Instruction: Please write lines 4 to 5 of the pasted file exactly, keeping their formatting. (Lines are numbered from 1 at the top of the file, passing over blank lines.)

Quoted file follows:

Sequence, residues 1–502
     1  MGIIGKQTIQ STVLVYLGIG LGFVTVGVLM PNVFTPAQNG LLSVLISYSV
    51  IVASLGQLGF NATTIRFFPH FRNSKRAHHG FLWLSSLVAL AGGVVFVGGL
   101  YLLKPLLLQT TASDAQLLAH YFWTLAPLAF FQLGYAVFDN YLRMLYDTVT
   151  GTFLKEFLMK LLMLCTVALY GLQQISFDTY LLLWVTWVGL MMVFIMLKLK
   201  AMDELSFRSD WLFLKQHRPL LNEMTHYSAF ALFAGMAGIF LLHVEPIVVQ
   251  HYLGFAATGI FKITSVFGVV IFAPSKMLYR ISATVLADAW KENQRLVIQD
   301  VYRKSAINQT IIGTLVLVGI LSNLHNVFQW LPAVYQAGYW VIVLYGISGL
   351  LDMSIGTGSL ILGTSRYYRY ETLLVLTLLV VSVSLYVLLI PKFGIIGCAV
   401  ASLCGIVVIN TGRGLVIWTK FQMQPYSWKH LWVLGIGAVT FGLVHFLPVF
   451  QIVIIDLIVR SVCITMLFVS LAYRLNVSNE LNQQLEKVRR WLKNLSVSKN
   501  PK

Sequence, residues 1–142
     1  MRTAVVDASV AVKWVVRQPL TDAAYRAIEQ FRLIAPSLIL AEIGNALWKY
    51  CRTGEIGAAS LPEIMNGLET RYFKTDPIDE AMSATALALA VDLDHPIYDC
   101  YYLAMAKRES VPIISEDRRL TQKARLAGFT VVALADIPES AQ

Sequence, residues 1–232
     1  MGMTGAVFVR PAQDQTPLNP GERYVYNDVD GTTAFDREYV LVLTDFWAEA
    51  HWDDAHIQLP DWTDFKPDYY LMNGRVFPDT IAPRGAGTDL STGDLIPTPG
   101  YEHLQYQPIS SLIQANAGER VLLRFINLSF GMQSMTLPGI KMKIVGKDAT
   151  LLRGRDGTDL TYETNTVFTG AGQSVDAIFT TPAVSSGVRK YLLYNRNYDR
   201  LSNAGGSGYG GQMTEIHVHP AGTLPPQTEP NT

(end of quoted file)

   101  YLLKPLLLQT TASDAQLLAH YFWTLAPLAF FQLGYAVFDN YLRMLYDTVT
   151  GTFLKEFLMK LLMLCTVALY GLQQISFDTY LLLWVTWVGL MMVFIMLKLK